CIAO DATE: 10/07
Oddly enough, the Frankfurt School's relationship to Columbia University has been somewhat neglected by its many historians. It is not hard to understand why the Horkheimer circle would have desired to settle at Columbia, but it is peculiar that the Frankfurt School would have received an invitation from Columbia. After all, why would Columbia University's conservative president, Nicholas Murray Butler, and its sociology department extend an invitation to a group of predominantly German-speaking social philosophers with strong links to the Marxian left?
As the current debates about the headscarf in Germany and France demonstrate, "Islamic" veils and headscarves garner attention for minority women in Europe to an unparalleled degree. For centuries, Islamic veils and headscarves have served as powerful symbols in Orientalist discourse, functioning as markers of the Oriental woman's supposed eroticism as well as convenient tropes for philosophers. Recent kidnappers' demands in Iraq that France lift its headscarf ban demonstrate the complex appropriations of Muslim women for fundamentalist discourses as well.
Although governing coalitions in Germany often win reelection, many observers were surprised by the victory of the red-green coalition in 2002. Earlier that year, the polls had shown strong support for a potential coalition of the Christian Democratic Union (CDU) and the Christian Social Union (CSU), together with the Free Democratic Party (FDP). In the summer of 2002, however, the SPD and the Greens began to gain ground; and finally, the red-green coalition won the majority of seats in the election to the German parliament, the Bundestag, on 22 September 2002.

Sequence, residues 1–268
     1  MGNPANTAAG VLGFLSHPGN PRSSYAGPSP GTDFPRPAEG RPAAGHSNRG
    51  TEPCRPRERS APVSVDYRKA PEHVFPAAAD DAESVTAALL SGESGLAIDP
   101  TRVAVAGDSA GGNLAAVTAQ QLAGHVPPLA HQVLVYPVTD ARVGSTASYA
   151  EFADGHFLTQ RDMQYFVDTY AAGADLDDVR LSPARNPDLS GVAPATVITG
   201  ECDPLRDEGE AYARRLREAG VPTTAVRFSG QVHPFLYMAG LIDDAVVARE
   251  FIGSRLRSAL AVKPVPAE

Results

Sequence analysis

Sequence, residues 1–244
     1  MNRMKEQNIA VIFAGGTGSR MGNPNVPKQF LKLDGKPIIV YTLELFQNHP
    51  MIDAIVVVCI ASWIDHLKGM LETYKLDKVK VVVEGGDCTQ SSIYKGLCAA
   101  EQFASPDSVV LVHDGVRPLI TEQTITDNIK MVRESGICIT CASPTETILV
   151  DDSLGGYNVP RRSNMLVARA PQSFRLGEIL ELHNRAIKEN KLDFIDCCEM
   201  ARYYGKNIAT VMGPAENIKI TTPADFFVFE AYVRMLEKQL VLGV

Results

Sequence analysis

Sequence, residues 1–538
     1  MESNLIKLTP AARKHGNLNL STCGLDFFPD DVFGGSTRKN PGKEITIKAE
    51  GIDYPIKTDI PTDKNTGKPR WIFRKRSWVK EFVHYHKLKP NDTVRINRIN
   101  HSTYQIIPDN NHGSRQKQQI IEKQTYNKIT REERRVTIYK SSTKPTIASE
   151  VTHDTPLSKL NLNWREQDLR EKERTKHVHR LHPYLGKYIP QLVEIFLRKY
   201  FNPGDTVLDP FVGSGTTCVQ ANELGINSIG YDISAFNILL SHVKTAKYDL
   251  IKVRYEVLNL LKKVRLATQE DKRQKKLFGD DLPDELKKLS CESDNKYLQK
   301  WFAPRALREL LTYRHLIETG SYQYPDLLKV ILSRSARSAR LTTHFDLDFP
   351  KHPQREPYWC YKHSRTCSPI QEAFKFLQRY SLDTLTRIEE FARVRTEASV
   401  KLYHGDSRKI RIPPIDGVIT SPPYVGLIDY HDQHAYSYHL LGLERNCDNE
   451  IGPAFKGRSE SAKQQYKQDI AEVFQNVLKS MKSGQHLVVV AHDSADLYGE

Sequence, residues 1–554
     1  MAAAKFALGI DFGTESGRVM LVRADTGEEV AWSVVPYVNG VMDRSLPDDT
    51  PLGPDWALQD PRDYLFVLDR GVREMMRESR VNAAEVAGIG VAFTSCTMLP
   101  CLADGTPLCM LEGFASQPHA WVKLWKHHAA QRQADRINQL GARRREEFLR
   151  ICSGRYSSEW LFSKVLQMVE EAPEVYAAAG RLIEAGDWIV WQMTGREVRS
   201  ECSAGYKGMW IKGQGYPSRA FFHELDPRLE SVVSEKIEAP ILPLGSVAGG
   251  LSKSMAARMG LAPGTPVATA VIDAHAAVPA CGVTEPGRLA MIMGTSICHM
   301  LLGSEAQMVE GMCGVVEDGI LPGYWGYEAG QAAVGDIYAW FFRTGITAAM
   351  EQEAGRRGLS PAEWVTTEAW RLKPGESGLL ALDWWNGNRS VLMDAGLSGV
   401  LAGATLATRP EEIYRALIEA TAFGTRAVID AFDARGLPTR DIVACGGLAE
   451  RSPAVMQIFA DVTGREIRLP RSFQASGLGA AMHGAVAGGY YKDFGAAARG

Cultural diversity has been one the most pressing challenges to present-day Germany. Issues of diversity and, its corollary from the perspective of the recipient society, the practice of toleration -as opposed to the personal attitude of tolerance- are being paradigmatically debated around the fate of Muslims. Although not new, Muslims presence and public claims, such as the claim for legal recognition of Islam and religious instruction in public schools, have undoubtedly raised the issue of diversity anew.
Robert Gellately and Ben Kiernan, eds., The Specter of Genocide: Mass Murder in Historical Perspective (New York: Cambridge University Press, 2003)
Jan-Werner Müller, ed., Memory and Power in Post-War Europe: Studies in the Presence of the Past (New York: Cambridge University Press, 2002)
Kenneth Dyson and Klaus Goetz, eds., Germany, Europe, and the Politics of Constraint (New York: Oxford University Press, 2004)
Review by Craig Parsons
Todd Kontje, German Orientalisms (Ann Arbor: University of Michigan Press, 2004)
Review by Katrin Sieg
Paul Betts, The Authority of Everyday Objects: A Cultural History of West German Industrial Design (Berkeley: University of California Press, 2004)
Review by Kathleen James-Chakraborty
Nick Thomas, Protest Movements in 1960s West Germany: A Social History of Dissent and Democracy (Oxford: Berg, 2003)
Review by Jeremy Varon
Jeannette Z. Madarász, Conflict and Compromise in East Germany, 1871-1989: A Precarious Stability (Houndmills: Palgrave MacMillan, 2003)
Review by Peter C. Caldwell